DUNGY: If I were to describe you and your brother Jim, two words would be intense and competitive. Is that from growing up with a dad as a coach or is that from growing up together?
HARBAUGH: Probably both. Our dad made everything competitive. It always was a world championship, a national championship, Big 10 championship. It was always at stake in everything we did.
DUNGY: And never did it cross your mind to let Jim win.
HARBAUGH: Of course not. He never did win, as I recall. You look back on it; there never was a time when he did win, in my mind (laughter).
DUNGY: One of the first times I ever scouted, I was at the University of Michigan and Jim was quarterbacking. Bo Schembechler yelled at him like I had never seen a coach yell at a quarterback and he (Jim) didn’t blink an eye. Did you guys get some tough coaching from your dad when you were young?
HARBAUGH: We got tough coaching from Bo when we were young. Jimmy had been hearing Bo since he was about nine years old, getting chewed out. There was a time when we were playing and we were on the sideline with the other coaches’ kids, and we were playing touch football over on the side. Somebody threw a pass and it went over everybody’s head onto the middle of the field into Bo’s practice. Of course, Jim was the youngest one so it was like, ‘Go get it.’ So he had to go out and get the ball and Bo just went off.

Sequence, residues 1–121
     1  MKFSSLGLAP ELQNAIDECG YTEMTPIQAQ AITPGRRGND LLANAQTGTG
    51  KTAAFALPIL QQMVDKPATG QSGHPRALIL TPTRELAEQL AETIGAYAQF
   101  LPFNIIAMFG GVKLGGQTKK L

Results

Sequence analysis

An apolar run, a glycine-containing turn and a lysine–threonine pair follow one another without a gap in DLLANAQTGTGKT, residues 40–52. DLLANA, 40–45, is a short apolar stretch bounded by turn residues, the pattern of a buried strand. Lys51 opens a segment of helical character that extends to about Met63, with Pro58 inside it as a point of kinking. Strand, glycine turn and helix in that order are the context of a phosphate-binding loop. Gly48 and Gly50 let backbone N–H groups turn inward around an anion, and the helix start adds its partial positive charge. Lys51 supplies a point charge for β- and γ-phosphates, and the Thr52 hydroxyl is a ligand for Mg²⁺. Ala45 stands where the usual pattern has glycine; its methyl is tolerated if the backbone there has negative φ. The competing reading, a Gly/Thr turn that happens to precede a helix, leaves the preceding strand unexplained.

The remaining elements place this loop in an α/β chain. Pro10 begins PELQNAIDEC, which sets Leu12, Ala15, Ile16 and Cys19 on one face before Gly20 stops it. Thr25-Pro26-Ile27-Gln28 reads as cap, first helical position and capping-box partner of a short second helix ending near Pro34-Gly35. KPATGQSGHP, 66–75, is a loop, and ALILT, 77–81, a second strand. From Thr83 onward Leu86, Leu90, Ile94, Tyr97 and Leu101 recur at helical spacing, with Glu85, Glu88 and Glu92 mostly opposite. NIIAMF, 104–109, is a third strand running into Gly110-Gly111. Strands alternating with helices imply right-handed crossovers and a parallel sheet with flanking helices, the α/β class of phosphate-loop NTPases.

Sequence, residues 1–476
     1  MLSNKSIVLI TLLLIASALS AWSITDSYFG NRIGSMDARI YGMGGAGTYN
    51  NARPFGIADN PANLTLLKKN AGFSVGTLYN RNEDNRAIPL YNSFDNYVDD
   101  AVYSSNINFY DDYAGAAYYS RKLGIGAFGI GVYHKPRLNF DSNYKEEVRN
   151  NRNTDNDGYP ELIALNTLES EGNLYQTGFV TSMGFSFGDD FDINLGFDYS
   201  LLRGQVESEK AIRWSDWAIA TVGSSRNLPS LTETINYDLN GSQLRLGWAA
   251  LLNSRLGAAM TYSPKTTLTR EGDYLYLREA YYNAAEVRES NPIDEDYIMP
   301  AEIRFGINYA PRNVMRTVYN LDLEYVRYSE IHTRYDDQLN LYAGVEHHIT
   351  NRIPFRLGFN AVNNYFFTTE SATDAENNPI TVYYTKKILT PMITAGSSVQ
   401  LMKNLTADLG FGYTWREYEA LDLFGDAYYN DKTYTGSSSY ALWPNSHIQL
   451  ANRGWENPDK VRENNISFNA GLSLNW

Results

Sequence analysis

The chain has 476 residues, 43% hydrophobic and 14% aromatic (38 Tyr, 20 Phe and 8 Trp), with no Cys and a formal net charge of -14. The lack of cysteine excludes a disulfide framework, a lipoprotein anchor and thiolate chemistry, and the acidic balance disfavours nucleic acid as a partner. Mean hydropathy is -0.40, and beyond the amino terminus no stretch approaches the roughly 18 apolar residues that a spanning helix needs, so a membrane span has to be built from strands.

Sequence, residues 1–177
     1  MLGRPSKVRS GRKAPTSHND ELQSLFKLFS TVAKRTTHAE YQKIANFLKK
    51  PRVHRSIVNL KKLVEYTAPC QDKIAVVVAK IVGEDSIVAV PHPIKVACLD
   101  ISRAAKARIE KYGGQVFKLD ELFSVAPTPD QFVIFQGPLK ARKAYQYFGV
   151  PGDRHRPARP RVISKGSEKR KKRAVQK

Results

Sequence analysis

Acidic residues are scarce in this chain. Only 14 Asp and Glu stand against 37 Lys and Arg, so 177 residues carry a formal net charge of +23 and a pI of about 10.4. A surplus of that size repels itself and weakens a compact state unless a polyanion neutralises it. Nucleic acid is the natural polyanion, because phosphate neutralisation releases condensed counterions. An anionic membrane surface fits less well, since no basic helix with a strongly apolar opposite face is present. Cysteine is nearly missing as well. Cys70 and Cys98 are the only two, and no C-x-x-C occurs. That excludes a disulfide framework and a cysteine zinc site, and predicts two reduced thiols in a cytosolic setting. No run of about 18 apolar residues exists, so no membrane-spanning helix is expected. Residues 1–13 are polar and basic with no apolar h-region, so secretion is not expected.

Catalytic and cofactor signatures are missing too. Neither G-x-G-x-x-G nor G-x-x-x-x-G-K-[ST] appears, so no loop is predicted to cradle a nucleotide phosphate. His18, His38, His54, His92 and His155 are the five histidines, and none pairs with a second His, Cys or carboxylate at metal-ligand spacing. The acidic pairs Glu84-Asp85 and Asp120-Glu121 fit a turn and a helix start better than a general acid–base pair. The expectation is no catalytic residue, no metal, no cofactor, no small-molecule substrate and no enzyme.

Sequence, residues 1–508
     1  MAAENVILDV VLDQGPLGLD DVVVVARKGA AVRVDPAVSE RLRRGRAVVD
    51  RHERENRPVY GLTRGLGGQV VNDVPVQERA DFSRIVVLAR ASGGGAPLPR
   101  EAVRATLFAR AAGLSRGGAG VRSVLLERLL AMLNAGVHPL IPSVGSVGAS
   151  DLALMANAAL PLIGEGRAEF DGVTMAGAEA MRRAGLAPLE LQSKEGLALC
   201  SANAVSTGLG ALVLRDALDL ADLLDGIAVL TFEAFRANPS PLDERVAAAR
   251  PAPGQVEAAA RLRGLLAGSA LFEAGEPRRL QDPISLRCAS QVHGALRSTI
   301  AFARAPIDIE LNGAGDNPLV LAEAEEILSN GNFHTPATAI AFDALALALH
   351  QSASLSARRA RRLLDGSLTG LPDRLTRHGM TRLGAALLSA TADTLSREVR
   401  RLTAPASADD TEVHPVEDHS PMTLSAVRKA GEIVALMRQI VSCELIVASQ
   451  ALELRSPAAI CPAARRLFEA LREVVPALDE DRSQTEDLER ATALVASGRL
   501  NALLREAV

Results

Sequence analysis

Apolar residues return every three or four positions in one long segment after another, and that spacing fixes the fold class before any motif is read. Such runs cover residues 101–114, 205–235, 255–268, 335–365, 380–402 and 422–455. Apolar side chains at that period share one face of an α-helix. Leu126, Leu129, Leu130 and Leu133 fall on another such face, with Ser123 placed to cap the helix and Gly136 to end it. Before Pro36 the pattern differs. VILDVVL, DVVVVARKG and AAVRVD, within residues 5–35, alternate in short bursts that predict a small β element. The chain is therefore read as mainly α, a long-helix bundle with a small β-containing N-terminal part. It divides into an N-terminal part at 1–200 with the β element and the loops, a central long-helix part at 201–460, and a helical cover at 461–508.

DUNGY: What did you learn from your dad that you use now?
HARBAUGH: The biggest thing our dad taught us is that enthusiasm is real. He talks about coaching with an enthusiasm unknown to mankind. To me, that’s how he lives his life. And the relationships he had with his players. After the game, all the coaches would bring their families over to the house. You know that kind of an atmosphere, that’s the way my mom and dad were. What else would you rather do than be a part of a football team?
DUNGY on playing home playoff games: How much have you guys talked about that?
HARBAUGH: We have. We don’t even need to talk about it because we do know. We want to be at home, but we have to earn that. We haven’t earned it yet, but that’s something that this game and the upcoming two games are going to determine.
DUNGY: If you don’t get to the Super Bowl, will it be a disappointing season?
HARBAUGH: Well, yeah. You know how it is. It’s not a matter of if; it’s a matter of when. That’s how we look at it. We’re going to try to make ‘when’ this year. That’s the goal.
DUNGY: Why is Jim good (as a coach)?
HARBAUGH: A lot of reasons. I think he’s good because he’s Jim. He’s a good decision maker. He makes good judgments. He’s got a vision. He’s got a picture of what he wants it to look like. He’s not worried about what other people think. He’s not afraid to be himself. He’s a good person and he cares about people. He wants them to do well so that they can shine, not for any other reason than that they can be their very best.
DUNGY: If I said that about John, would I be saying the right thing?
HARBAUGH: (Laughter) I hope so.
DUNGY: I think I would.